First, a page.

Neurophysiological analysis of intermanual transfer in motor learning

Ryuji Oosawa, Risa Iwasaki, Tomotaka Suzuki, Shigeo Tanabe, Kenichi Sugawara

Research output: Contribution to journalArticlepeer-review

5 Citations (Scopus)


The purpose of this study was to examine the effect of motor training on motor imagery (MI), by comparing motor performance and motor cortex excitability changes with and without intermanual transfer of motor learning. Intermanual transfer was investigated in terms of excitability changes in the motor cortex and motor performance from right hand training to left hand performance. Participants were assigned to a transfer training group and a control group. We recorded motor evoked potentials (MEPs) induced by transcranial magnetic stimulation (TMS), applied to the left extensor carpi radialis (ECR) both with and without intermanual transfer. The results showed that after learning by the right hand, MEPs decreased during left hand MI. MEPs during MI were significantly decreased by unilateral training in the transfer training group. Since intermanual transfer plays an important role in stabilizing performance by the contralateral side, this result suggests that unilateral training decreases MEPs during MI on the contralateral side. In the control group, without right hand training, MEPs significantly increased after left hand training during MI. In the trained side, we found increased excitability in the agonist muscle area of the primary motor cortex. However, in the untrained side, excitability decreased in the homonymous muscle area of the primary motor cortex. This constitutes an increase in inhibitory effects and suggests that excitability changes in the respective neural circuit contribute to skilled performance by the ipsilateral and contralateral sides in the same motor task.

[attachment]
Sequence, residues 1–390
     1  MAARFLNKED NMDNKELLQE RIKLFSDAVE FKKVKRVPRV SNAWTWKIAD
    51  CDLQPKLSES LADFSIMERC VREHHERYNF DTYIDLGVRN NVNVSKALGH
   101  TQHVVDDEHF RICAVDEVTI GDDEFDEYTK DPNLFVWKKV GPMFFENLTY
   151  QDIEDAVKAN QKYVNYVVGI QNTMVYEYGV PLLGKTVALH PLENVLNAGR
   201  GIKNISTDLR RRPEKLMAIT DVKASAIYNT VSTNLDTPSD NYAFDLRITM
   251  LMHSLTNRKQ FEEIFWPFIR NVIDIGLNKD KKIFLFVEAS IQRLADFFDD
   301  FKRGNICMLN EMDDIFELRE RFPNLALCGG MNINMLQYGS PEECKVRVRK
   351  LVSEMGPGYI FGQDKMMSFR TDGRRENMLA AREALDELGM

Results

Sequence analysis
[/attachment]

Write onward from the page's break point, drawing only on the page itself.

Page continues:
Original languageEnglish
Article number135
JournalFrontiers in Human Neuroscience
Publication statusPublished - 01-02-2019

All Science Journal Classification (ASJC) codes

  • Neuropsychology and Physiological Psychology
  • Neurology
  • Psychiatry and Mental health
  • Biological Psychiatry
  • Behavioral Neuroscience


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